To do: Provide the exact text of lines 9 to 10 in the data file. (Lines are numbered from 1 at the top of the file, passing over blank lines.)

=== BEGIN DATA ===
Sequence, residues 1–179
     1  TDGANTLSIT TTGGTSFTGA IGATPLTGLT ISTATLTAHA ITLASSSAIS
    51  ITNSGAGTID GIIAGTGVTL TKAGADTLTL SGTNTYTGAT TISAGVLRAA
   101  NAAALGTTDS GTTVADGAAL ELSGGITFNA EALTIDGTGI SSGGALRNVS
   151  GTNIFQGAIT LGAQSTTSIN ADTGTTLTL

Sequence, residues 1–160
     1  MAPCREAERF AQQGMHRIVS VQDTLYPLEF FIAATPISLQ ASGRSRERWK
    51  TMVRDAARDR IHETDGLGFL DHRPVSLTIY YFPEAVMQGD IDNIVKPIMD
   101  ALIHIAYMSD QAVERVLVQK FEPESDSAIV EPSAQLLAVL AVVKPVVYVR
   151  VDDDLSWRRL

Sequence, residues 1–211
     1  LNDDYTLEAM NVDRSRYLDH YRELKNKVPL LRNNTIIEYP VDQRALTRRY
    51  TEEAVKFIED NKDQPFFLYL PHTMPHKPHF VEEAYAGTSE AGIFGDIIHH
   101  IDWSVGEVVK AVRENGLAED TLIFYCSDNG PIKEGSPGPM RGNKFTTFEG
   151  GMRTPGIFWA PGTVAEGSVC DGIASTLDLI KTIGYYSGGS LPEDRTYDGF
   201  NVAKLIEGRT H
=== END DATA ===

   101  ALIHIAYMSD QAVERVLVQK FEPESDSAIV EPSAQLLAVL AVVKPVVYVR
   151  VDDDLSWRRL